With the opening of Union Station on Main Street in 1911, this allowed for a lot of industrialization. In 1919, many soldiers returned from World War I. Also, during this time the Winnipeg General Strike occurred, as many people, including rail workers, were frustrated with unemployment after the war, inflation, and poor working conditions.
In the 1920’s, Union Station becomes very important. Many immigrants arrived in Winnipeg by the trains, looking for work and a place to settle down. However, rich Brits, who lived in central Winnipeg, and the more poor Eastern Europeans, who lived in the Northern end, divided the city socially, culturally, and ethnically. As people got off the trains at Main Street, more and more people started to locate to this part of the city, making it more established culturally. In 1928, Winnipeg’s population has raised to 300 000 people from 8 000 people in 1880.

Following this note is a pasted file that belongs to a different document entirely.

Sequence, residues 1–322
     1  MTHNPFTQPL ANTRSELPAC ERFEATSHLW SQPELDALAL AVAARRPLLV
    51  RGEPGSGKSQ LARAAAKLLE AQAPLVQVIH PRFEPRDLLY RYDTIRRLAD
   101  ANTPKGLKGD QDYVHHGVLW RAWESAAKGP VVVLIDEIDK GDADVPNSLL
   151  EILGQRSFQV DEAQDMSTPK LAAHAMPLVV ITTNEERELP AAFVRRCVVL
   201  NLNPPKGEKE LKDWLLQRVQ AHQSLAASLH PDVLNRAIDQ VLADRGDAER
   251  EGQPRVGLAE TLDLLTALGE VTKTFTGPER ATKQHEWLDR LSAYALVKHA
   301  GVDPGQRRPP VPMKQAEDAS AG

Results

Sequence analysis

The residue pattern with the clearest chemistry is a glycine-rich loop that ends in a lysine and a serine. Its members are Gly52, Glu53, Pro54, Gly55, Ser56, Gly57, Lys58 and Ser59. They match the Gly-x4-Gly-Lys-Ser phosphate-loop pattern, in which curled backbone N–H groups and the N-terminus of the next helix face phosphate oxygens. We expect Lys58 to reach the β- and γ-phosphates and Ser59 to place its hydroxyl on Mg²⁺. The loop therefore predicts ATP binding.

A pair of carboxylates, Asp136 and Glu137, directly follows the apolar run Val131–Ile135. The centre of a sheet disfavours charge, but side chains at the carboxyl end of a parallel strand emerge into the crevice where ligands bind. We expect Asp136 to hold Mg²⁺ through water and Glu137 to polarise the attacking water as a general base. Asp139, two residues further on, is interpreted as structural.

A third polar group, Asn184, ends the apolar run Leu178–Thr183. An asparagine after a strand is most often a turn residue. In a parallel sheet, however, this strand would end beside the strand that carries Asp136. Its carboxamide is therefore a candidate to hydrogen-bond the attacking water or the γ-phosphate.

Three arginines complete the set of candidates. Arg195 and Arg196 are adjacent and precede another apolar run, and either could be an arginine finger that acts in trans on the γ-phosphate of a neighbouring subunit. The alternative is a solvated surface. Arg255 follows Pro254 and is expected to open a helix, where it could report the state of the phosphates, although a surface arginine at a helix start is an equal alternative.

Also, the city is more industrialized. The streets are crowded with hundreds of people. At this point, many people walked, took a trolley, or rode a horse-drawn carriage to get around. Buildings made of stone and brick of at least 4 or 5 stories are everywhere. This urbanization continues for about another 50 years. From the picture below, we can see that at the time, Union Station was extremely busy, with a dozen active trains daily.
The Historic Sites and Monuments Board of Canada claimed that Union Station should be recognized as a building of national significance in November 1977, because of its effect with the development of Winnipeg during the 1900’s and for its architectural design. In 1989, it was formally a heritage building according to the Historical Monument Board of Canada.